Happy Friday from Augusta, on the eve of the last weekend before school starts for many Maine kiddos. If you’re a parent (or not), make the most of this weekend. I’ve got two boys starting on Tuesday, including a kindergartner who’s growing much too fast. Here’s a song to put us in the mood to let our children brush our rock ‘n roll hair this weekend.
I’m thinking of buying an epic number of water balloons today and not telling my boys about them until the battle is on and I have all the ammo. Because that’s the kind of dad I am.
Is it quitting time yet?
Poliquin raking in Wall Street cash
Last year, just a few weeks after the election, we reported here at State & Capitol how Rep. Bruce Poliquin, R-Maine, had been named to the House Committee on Financial Services, and how that appointment was a signal that Republicans saw him as a rising star and that they want him focused on his 2016 re-election bid.
Being named to the committee was due in part to his financier past, but the banking committee is also one of the plum positions from which House members can collect campaign donations. In 2013, for example, a Politico analysis of Federal Election Commission data showed that the 11 then-freshmen on the committee raised an average of more than $320,000 in the second quarter of 2013, which was $100,000 more than the average haul for all other House freshmen.
So, it should come as little surprise to see that Poliquin is raking in the cash. In fact, among 17 races for next year that are considered by several political publications to be “toss-ups,” Poliquin ranks second in terms of the percentage of his donations coming from Wall Street, according to an analysis by OpenSecrets.org.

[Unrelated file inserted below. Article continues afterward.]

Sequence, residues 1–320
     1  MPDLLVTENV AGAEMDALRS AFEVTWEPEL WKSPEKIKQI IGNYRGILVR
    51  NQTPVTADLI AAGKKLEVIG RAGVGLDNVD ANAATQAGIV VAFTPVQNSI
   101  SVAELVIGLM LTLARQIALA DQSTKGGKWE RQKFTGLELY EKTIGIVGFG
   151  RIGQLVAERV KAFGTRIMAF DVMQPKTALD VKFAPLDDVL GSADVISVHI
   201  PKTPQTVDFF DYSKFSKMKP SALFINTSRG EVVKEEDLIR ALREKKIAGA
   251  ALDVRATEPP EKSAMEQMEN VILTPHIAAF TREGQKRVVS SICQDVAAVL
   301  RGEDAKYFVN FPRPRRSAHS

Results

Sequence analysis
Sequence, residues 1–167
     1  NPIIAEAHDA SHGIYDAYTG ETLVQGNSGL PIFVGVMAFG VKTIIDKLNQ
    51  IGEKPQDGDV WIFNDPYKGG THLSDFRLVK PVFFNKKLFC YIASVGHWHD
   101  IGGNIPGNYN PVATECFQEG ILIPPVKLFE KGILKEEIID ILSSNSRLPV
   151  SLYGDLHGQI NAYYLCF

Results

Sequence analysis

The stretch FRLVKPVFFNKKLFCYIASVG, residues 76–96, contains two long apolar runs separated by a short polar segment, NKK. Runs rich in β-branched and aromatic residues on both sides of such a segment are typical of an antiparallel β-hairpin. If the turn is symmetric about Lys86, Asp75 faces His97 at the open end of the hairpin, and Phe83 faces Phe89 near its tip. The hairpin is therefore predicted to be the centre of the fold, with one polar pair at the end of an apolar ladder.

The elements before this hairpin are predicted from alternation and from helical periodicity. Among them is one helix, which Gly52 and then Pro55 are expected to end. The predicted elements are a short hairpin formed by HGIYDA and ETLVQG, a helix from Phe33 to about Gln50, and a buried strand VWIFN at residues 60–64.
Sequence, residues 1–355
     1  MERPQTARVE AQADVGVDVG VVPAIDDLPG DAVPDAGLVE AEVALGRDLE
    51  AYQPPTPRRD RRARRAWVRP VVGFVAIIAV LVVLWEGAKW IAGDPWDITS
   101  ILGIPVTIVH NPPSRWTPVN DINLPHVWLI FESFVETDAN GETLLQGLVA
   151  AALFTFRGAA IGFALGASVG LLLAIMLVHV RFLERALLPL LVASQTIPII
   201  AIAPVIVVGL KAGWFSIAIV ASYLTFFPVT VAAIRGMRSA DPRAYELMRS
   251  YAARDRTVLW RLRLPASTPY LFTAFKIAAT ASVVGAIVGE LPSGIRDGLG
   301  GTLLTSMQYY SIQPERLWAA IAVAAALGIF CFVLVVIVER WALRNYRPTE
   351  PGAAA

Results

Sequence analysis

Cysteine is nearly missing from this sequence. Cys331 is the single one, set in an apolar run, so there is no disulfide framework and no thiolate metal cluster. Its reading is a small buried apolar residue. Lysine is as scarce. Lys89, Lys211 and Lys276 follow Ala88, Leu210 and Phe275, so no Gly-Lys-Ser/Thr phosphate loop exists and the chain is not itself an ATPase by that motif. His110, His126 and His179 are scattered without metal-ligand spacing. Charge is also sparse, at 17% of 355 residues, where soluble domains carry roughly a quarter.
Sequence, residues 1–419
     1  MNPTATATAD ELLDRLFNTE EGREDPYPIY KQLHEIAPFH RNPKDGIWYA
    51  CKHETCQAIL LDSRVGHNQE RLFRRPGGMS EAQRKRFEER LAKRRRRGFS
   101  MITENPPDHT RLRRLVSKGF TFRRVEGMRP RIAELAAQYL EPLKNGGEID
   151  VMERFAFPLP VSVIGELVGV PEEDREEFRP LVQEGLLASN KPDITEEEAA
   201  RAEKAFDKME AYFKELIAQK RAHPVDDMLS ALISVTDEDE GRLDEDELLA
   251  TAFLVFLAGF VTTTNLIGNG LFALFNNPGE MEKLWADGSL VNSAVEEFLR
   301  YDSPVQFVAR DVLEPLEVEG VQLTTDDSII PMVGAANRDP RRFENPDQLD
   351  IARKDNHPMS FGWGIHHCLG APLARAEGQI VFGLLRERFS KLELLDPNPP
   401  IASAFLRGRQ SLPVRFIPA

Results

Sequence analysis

About 12 percent of Poliquin’s total — $132,000 — is from the banking and finance industries. That’s second only to Republican Illinois Rep. Robert Dold, who brought in $162,000, which is 13 percent of his total, from private equity firms, investment banks, hedge funds and other Wall Street sources.
According to FEC records, Poliquin took in slightly more than $1 million in the first half of 2015 and is sitting on a campaign bank account of nearly $950,000.
Former state senator Emily Cain, who has been campaigning for a rematch against Poliquin, used the analysis to attack Poliquin in a fundraising email as being a “friend of Wall Street, not of hardworking Mainers.” The Maine Democratic Party was circulating a similar message on Thursday.
FEC records show that Cain raised about $287,000 between January and June of this year and reported $238,000 in cash on hand.
While these totals mean little more than a year in advance of the election and several months before the real campaign spending starts, there’s no question that Cain has some catching up to do, or what one of her arguments against Poliquin’s re-election will be. There’s also no question, based on these numbers, that Republican donors see the likelihood of another win next year in Maine’s 2nd Congressional District.